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How Can You Make a Great Introduction?

The first couple of minutes of any presentation that you make are arguably the most important. They are where first impressions are created and where you set your audience up ready to receive your information. In this blog I’ll share with you my tried and tested ABCD technique that never fails to get presentations off to a great start.

What if you never actually make presentations? Sometimes, an opportunity comes along that could really build your reputation. If you’re asked to make a presentation and you’re not sure where to start, start with the ABCD. Read on to find out how.

The ABCD of Introductions

Giving a presentation may be a nerve-wracking experience, but it can actually be an excellent opportunity to further your reputation. As your career develops, there is a greater likelihood that you will have to present to an influencing audience: you might be asked to make a presentation as part of your application for promotion; you might be required to present at a team meeting; or you might be asked to make a presentation at a retirement do.

The thing is, in some of these situations you might not be given much notice; therefore, it's important to have the skills ready so that you can really maximise this opportunity. Here is the ABCD of Introductions.

A is for Attention. Never take it for granted that you have the full attention of your audience. It's quite likely that they are thinking about what they need to pick up on the way home for their dinner. You need to be able to help people to tune in to what you are saying by using an opening line that really makes them sit up and listen.

B is for Benefit. Be crystal clear about what the benefit of listening to your presentation will be to your audience. Tell them that “this will be useful for you in the future because …” or that “this will make your life easier because …"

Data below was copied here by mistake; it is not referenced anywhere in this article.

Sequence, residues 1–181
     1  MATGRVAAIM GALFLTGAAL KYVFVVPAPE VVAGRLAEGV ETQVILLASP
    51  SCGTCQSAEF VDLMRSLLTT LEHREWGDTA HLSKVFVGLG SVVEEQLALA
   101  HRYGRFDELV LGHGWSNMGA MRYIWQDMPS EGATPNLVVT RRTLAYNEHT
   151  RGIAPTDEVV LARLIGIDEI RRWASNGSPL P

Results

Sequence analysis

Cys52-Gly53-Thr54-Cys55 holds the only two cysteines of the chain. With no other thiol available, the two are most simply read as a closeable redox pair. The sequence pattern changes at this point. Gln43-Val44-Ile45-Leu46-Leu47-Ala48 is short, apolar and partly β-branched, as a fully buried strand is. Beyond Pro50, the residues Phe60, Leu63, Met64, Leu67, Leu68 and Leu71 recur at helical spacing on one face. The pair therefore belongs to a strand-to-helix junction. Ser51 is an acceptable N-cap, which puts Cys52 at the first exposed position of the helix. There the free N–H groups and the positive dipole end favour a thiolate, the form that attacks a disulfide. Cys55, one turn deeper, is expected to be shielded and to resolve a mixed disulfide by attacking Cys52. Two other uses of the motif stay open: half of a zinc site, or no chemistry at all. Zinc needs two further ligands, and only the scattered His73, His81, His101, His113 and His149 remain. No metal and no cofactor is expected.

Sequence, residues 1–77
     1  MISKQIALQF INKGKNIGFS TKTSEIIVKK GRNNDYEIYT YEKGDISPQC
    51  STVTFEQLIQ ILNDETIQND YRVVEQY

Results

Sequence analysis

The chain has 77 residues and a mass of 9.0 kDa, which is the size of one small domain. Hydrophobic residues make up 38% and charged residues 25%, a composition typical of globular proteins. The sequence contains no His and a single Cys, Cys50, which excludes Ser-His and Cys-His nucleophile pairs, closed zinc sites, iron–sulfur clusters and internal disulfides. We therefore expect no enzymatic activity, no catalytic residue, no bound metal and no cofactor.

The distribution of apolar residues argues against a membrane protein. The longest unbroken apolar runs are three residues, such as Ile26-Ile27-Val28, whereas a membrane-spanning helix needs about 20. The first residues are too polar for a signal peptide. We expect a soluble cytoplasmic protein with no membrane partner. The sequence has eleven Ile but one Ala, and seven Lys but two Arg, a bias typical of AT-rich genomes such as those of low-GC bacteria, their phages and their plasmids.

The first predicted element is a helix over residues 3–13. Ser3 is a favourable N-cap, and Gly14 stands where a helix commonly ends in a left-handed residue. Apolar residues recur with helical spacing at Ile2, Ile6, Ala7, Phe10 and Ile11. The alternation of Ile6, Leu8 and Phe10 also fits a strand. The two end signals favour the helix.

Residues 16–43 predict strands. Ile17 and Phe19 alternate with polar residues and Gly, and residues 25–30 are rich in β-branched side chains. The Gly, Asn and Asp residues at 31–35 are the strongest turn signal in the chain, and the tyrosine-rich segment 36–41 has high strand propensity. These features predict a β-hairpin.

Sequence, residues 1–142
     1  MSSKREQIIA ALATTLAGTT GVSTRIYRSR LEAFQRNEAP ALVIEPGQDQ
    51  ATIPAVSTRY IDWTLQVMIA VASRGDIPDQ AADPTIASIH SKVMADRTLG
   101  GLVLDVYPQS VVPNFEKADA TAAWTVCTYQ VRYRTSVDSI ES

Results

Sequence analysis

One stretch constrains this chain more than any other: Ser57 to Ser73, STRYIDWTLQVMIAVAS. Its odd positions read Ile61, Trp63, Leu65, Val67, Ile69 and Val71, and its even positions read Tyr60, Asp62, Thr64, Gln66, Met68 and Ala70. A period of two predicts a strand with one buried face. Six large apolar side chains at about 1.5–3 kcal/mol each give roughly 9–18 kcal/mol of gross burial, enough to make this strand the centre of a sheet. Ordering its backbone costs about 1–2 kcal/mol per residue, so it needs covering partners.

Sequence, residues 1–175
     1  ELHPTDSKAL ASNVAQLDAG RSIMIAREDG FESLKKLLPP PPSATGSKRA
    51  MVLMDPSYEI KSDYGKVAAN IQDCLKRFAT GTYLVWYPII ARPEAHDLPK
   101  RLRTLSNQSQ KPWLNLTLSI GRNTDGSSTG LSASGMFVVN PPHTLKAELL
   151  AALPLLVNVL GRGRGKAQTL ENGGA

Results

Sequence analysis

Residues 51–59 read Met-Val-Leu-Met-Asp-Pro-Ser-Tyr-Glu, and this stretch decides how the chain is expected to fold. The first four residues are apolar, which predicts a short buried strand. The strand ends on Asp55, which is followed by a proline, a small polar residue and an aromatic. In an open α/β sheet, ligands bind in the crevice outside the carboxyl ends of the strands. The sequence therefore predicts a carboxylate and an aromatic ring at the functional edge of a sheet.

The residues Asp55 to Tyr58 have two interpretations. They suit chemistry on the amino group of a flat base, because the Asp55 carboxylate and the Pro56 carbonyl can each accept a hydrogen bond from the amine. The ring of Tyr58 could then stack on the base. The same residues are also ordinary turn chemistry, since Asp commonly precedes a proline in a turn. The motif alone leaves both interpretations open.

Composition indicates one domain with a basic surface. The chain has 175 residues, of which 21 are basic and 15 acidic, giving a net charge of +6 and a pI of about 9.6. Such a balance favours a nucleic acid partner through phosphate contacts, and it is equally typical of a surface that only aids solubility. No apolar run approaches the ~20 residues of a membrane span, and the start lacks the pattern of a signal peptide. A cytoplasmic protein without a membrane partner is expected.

C is for Credibility. Explain why you are good at what you do, how long you've being doing it, and the breadth and depth of your experience. Explain why you have been asked to give this presentation and who invited you to take to the ‘stage’. Keep it short – the audience has not come to hear your life story.

D is for Direction. Your presentation isn't meant to be a magical mystery tour. Your audience will want to know that you're going to cover X and Y and that you're going to finish off with Z.

Starting any presentation with this ABCD – whether at a networking group to promote your business, or to a group of work colleagues – means that it will get off to a flying start. Take some time to prepare your ABCD, even if it’s only a few minutes, and you will find the whole presentation much easier to deal with.

Tackle Your Nerves with the ABCD

It's fair to say that most people get nervous when they stand up in front of an audience. However, by the time you've followed the ABCD of introductions, your nerves will have faded and you'll be ready to dive into the content of your presentation. It's also useful to remember that most of the people sitting in front of you are just really pleased that they're not where you are. They're on your side and they are not the enemy – they want you to be successful.

Three Top Tips

Here are my top four (well there are four letters in ABCD!) tips to help you get started with your presentation:

A – Ask a thought provoking question or use an interesting fact to grab the attention of the audience.

 

B – What’s the advantage of members of the audience understanding what you’re going to say? Tell them why they should listen to you!

 

C – Tell the audience why you’re standing in front of them and not the other way around!

 

D – Use this to lead people through your presentation and make it clear what you’re going to cover. This is a great way to keep people engaged with you, throughout your talk.

 

The next time you’re asked to give any sort of presentation, use the ABCD for your introduction and see how you get on. And if you need someone to talk to about your next presentation, let me know and we can talk about how I can help. Call me on 01483 303 593 or This email address is being protected from spambots. You need JavaScript enabled to view it. .